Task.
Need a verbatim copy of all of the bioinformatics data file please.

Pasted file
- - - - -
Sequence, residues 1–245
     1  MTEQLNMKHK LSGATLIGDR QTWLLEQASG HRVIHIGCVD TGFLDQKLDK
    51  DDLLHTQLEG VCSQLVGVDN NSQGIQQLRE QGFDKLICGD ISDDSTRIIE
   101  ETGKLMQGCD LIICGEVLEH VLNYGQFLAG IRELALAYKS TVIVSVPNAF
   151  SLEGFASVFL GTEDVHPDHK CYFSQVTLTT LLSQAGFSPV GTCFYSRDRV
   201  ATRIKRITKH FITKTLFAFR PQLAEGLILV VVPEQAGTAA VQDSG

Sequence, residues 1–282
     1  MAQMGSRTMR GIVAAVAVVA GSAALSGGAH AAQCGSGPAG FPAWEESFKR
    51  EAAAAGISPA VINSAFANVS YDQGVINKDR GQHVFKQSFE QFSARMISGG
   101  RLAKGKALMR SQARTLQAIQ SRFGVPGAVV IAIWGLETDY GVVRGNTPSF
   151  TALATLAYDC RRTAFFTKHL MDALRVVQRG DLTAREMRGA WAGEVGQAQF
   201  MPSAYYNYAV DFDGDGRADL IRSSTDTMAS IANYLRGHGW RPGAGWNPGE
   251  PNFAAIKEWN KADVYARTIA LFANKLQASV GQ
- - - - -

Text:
Sequence, residues 1–245
     1  MTEQLNMKHK LSGATLIGDR QTWLLEQASG HRVIHIGCVD TGFLDQKLDK
    51  DDLLHTQLEG VCSQLVGVDN NSQGIQQLRE QGFDKLICGD ISDDSTRIIE
   101  ETGKLMQGCD LIICGEVLEH VLNYGQFLAG IRELALAYKS TVIVSVPNAF
   151  SLEGFASVFL GTEDVHPDHK CYFSQVTLTT LLSQAGFSPV GTCFYSRDRV
   201  ATRIKRITKH FITKTLFAFR PQLAEGLILV VVPEQAGTAA VQDSG

Sequence, residues 1–282
     1  MAQMGSRTMR GIVAAVAVVA GSAALSGGAH AAQCGSGPAG FPAWEESFKR
    51  EAAAAGISPA VINSAFANVS YDQGVINKDR GQHVFKQSFE QFSARMISGG
   101  RLAKGKALMR SQARTLQAIQ SRFGVPGAVV IAIWGLETDY GVVRGNTPSF
   151  TALATLAYDC RRTAFFTKHL MDALRVVQRG DLTAREMRGA WAGEVGQAQF
   201  MPSAYYNYAV DFDGDGRADL IRSSTDTMAS IANYLRGHGW RPGAGWNPGE
   251  PNFAAIKEWN KADVYARTIA LFANKLQASV GQ